Besides, don't think I'm directly blaming the Americans or Bush for this, blame should first fall on the Iraqi leadership.

Sang J. Moon said...

The trouble with electrical generation is that if there isn't enough distribution for the electricity generated, the generation plant(s) have to step down generation or risk damaging the plant. So by sabotaging the distribution, it forced the generation down as well. This is why blackouts occur in houses not disconnected by sabotage. The sabotage decreases the distribution capacity which causes a surge in generation which then automatically triggers a shutdown of the plant(s) before permanent damage can occur to the plant(s). It then takes time to spin up the generators again.

Shaggy said...

Your explanation to black outs is absolutely correct. But we don't suffer from sudden blackouts here in Iraq. We have scheduled electricity cuts.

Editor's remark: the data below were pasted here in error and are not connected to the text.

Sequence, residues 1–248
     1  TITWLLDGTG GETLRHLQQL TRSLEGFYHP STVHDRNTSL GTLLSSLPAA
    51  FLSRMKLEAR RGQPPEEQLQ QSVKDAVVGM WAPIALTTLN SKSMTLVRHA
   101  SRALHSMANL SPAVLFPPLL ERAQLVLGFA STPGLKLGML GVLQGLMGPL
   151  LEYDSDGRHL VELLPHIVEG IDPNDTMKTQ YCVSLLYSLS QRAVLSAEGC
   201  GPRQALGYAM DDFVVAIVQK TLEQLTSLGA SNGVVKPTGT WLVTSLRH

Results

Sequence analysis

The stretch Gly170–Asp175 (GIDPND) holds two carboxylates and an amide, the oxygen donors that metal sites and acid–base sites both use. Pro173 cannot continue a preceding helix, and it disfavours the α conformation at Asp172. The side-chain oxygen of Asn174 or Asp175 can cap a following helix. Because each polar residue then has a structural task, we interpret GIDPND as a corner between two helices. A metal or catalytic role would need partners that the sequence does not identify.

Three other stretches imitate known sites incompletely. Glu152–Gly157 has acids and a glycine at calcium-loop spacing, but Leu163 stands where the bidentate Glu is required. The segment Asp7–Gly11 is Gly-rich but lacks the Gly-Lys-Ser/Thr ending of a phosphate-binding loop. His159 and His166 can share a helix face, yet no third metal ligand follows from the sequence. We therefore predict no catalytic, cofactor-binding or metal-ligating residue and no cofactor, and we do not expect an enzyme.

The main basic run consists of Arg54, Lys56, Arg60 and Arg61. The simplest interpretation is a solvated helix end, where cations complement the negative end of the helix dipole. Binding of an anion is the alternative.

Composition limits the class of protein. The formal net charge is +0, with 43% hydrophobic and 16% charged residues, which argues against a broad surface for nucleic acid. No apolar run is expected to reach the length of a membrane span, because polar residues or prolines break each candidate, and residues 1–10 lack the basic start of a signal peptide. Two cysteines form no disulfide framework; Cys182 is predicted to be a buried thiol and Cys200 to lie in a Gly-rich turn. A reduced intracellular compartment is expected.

Sang J. Moon said...

Yes. Ever since the US started the handover of the electricity maintenance to the elected Iraqi government, the transition of the responsibility hasn't gone smooth resulting slower than usual bureaucracy in repair and maintenance of the grid mainly due to the ministry's concern for the safety of its workers. Compounding this has been sabotage, wear and tear, and the greater influx of electricity using products like refridgerators and air conditioners which causes demand to increase. Rolling blackouts are difficult enough on a stable grid, but with one with ever changing grid demand and capacity makes it a challenge I don't envy. The following Washington Post articles lists the details:

I find it interesting that about a year ago, electricity was a greater gripe than anything else.